-1 the performance penalty is just not copying, Stringbuilder is the one advised in the documentation, PaulGrime is right is not really an answer which deserve to be accepted... and 10000? why? – UmNyobe Apr 6 '13 at 10:51
    
I said, "say 10,000" which is to mean, "for example, when 10,000 lines big". I also explained why Paul was right and gave a code example. Also, please clarify what you mean by "not just copying". – Tom Carchrae Apr 6 '13 at 11:26
    
I also changed to StringBuilder from StringBuffer - they are equivalent classes, but StringBuilder is not threadsafe (which is fine in this case). – Tom Carchrae Apr 6 '13 at 11:29

Some immediate improvements you can do:

  • Use a StringBuilder instead of concat and +. Using + and concat can really affect the performance, specially when used in loops.
  • Reduce the access to the disk. You can do it by using a large buffer:

    BufferedReader br = new BufferedReader(new FileReader("someFile.txt"), SIZE);

share|improve this answer

You should use a StringBuilder as String concatenation is extremely slow for even small strings.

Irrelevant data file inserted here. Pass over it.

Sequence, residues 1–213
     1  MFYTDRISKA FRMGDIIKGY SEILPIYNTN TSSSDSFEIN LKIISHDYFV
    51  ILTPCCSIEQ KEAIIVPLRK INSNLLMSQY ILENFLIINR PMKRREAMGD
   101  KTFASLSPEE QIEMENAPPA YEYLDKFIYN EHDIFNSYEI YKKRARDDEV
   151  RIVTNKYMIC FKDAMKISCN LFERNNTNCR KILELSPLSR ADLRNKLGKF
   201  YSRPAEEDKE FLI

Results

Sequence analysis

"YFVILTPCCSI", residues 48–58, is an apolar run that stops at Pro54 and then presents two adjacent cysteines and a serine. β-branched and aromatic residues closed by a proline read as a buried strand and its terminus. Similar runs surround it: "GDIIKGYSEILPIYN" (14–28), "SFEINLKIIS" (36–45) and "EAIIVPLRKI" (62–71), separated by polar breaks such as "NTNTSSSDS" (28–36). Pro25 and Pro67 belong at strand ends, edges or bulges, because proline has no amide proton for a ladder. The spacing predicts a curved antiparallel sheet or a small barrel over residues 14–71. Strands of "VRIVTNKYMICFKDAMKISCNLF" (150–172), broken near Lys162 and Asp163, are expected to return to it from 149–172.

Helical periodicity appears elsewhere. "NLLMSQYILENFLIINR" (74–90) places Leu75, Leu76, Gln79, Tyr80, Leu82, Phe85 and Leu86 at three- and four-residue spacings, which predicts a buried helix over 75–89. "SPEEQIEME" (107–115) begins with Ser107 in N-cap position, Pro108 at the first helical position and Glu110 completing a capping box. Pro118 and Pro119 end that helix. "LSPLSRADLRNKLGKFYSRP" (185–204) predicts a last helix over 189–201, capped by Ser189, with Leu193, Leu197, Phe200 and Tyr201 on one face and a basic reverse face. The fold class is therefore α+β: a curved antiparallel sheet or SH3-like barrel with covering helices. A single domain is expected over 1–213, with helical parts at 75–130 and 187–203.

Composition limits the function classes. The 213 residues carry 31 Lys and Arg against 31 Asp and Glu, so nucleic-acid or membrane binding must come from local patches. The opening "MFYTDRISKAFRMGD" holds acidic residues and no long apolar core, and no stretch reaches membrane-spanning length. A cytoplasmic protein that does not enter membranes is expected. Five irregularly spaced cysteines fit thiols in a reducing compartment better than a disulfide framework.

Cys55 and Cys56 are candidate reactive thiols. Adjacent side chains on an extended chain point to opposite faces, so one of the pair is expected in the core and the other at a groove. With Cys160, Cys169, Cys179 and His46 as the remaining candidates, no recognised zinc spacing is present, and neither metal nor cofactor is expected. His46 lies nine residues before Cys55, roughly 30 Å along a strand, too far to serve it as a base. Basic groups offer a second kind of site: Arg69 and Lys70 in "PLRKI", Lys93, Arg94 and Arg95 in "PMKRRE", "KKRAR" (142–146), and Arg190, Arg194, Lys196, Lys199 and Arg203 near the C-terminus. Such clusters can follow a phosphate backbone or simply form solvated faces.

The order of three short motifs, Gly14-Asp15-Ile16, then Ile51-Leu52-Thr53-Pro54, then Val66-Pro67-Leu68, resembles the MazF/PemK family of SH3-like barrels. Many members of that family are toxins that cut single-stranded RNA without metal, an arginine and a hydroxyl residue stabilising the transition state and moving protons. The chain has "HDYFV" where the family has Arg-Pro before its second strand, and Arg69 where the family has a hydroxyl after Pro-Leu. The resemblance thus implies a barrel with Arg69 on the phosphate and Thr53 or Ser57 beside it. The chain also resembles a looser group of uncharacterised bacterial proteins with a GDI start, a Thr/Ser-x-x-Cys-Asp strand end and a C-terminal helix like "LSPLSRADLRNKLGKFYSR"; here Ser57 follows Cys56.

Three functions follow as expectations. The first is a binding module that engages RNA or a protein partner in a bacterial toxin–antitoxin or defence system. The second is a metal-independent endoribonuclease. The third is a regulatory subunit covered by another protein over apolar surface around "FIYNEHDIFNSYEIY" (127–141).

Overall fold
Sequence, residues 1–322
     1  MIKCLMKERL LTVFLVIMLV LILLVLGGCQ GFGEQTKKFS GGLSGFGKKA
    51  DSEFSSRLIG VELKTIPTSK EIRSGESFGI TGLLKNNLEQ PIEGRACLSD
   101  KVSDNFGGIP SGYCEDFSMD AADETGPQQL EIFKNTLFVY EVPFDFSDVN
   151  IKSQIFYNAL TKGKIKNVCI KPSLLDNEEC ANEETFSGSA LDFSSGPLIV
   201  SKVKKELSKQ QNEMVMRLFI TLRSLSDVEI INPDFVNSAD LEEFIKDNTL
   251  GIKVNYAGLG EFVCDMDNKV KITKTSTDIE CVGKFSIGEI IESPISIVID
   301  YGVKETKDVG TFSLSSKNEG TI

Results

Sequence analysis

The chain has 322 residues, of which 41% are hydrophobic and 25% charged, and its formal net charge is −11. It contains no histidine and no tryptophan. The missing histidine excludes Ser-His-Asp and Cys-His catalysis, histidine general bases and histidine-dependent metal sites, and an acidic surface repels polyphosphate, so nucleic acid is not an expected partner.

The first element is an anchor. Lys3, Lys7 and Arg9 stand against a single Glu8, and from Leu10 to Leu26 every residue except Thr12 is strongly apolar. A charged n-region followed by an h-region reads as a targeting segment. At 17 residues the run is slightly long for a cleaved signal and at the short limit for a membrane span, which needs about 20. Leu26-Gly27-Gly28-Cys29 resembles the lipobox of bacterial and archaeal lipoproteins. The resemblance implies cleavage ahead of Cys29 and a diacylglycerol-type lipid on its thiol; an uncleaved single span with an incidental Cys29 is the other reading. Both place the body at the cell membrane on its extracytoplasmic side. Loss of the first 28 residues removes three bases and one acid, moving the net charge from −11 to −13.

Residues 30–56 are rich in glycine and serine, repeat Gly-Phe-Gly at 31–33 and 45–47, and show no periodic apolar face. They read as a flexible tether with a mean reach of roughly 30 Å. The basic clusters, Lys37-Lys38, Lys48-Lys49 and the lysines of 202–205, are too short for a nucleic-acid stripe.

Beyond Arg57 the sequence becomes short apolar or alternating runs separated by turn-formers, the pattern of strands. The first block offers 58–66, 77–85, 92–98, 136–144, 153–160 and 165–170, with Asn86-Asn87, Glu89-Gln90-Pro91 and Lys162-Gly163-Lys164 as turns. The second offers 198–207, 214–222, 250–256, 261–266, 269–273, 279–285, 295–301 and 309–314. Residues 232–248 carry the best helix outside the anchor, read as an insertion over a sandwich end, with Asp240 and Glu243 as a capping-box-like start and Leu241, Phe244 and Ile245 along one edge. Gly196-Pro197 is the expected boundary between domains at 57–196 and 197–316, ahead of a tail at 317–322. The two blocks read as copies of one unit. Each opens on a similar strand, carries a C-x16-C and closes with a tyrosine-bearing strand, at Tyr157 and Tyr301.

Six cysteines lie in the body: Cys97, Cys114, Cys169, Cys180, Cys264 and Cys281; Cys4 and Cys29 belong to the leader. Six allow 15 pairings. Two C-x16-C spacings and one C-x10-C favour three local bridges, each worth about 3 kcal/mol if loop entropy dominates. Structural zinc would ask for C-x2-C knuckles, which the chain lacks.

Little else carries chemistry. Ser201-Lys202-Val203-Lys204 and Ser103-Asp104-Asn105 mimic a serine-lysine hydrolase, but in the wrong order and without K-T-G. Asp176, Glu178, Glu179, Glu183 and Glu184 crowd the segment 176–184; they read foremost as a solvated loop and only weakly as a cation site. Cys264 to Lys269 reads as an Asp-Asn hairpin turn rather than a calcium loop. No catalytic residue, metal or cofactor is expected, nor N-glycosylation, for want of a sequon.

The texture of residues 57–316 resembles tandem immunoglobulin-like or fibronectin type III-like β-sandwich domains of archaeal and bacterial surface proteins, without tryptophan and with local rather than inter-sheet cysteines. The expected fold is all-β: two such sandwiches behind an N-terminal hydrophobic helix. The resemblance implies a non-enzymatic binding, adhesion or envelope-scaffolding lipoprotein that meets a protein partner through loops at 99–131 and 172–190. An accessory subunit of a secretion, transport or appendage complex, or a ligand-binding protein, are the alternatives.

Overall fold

Further, try using NIO rather than a BufferedReader.

public static void main(String[] args) throws IOException {
    final File file = //some file
    try (final FileChannel fileChannel = new RandomAccessFile(file, "r").getChannel()) {
        final StringBuilder stringBuilder = new StringBuilder();
        final ByteBuffer byteBuffer = ByteBuffer.allocate(1024);
        final CharsetDecoder charsetDecoder = Charset.forName("UTF-8").newDecoder();
        while (fileChannel.read(byteBuffer) > 0) {
            byteBuffer.flip();
            stringBuilder.append(charsetDecoder.decode(byteBuffer));
            byteBuffer.clear();
        }
    }
}

You can tune the buffer size if it's still too slow - it's heavily system dependent what buffer size works better. For me it makes very little difference if the buffer is 1K or 4K but on other systems I have know that change to increase speed by an order of magnitude.

share|improve this answer

In addition to what has already been said, depending on your use of the XML, your code is potentially incorrect as it discards line endings. For example, this code:

package temp.stackoverflow.q15849706;

import java.io.BufferedReader;
import java.io.IOException;
import java.io.InputStreamReader;
import java.net.URL;

import com.thoughtworks.xstream.XStream;

public class ReadXmlLines {
    public String read1(BufferedReader br) throws IOException {
        try {
            String s = "";
            String tempString;
            int i = 0;